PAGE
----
# Parametric Test vs. Non-Parametric Test: What's the Difference?

Edited by Aimie Carlson || By Janet White || Published on February 25, 2024

**Parametric Test is a statistical test assuming data follows a known distribution, typically normal. Non-Parametric Test is a statistical test that does not assume a specific distribution for the data.**

## Key Differences

Parametric tests rely on assumptions about the data’s distribution, often requiring a normal distribution. Non-parametric tests, however, do not require data to follow any specific distribution, making them more flexible with different types of data.

In parametric tests, parameters like mean and standard deviation are crucial, as they assume a specific form for the distribution. Non-parametric tests are distribution-free and often used when data does not meet the assumptions necessary for parametric tests.

Parametric tests are typically more powerful if their assumptions are met, meaning they are more likely to detect a true effect. Non-parametric tests, while less powerful, are more robust against outliers and skewed data distributions.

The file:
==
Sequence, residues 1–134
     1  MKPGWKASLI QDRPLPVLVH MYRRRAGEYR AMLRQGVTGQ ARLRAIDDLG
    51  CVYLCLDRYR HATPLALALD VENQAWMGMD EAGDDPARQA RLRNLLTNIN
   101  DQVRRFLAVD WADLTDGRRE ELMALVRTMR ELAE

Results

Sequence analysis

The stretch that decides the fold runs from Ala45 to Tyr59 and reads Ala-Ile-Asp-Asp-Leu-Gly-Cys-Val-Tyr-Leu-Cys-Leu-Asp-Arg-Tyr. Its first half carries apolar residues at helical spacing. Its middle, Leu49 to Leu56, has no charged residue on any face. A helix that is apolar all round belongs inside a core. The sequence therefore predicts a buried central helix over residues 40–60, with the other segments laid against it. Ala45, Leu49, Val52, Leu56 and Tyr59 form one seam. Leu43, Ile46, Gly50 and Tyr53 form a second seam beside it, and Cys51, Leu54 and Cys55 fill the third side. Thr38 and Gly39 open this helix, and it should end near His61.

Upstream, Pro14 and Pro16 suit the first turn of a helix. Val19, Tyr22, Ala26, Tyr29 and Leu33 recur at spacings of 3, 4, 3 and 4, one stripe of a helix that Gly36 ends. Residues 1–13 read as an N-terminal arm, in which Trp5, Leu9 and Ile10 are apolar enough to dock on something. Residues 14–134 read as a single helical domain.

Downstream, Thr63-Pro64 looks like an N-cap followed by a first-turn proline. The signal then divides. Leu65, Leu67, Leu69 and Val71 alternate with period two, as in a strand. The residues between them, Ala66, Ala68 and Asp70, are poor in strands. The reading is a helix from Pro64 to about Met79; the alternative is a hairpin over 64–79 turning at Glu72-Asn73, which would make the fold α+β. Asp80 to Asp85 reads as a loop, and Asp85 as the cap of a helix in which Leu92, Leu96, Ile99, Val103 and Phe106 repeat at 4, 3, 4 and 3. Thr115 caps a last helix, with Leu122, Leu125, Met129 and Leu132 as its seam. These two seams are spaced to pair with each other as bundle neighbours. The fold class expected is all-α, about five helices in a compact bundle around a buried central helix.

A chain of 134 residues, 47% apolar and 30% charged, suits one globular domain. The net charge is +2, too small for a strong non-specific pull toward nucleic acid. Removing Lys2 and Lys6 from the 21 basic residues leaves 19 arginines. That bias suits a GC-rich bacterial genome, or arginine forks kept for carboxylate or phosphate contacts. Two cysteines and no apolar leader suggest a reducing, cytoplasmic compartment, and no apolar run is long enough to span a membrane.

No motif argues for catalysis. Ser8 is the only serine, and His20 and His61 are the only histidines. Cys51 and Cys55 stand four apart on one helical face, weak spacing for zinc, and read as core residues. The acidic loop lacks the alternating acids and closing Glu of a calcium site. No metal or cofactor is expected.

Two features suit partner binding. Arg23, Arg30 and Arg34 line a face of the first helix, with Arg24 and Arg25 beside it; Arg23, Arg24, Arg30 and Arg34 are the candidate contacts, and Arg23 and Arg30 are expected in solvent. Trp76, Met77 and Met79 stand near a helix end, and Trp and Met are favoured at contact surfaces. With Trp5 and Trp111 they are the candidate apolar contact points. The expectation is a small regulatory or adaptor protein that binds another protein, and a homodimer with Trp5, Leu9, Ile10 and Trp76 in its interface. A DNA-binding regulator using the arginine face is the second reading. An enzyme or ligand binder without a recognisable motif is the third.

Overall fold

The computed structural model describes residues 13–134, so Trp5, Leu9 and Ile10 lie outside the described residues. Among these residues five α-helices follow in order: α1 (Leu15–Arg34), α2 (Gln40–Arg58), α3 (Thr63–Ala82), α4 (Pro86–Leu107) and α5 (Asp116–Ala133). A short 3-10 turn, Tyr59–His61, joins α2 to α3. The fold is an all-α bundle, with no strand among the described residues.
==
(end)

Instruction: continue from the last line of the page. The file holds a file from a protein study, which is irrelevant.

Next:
The use of parametric tests is common in situations with large sample sizes and well-understood distributions. Non-parametric tests are preferred in smaller samples or with ordinal data, where distribution assumptions cannot be safely made.

Examples of parametric tests include the t-test and ANOVA, which compare means between groups. Non-parametric counterparts include the Mann-Whitney U test and Kruskal-Wallis test, which compare medians or ranks.

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## Comparison Chart

### Data Distribution

Assumes specific distribution (often normal)

Does not assume specific distribution

### Sample Size

Generally requires larger samples

Suitable for smaller samples

### Sensitivity

More powerful if assumptions are met

Less powerful but more robust

### Data Requirements

Relies on interval or ratio data

Can be used with ordinal or nominal data

### Statistical Parameters

Uses parameters like mean and standard deviation

Does not rely on specific statistical parameters

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## Parametric Test and Non-Parametric Test Definitions

#### Parametric Test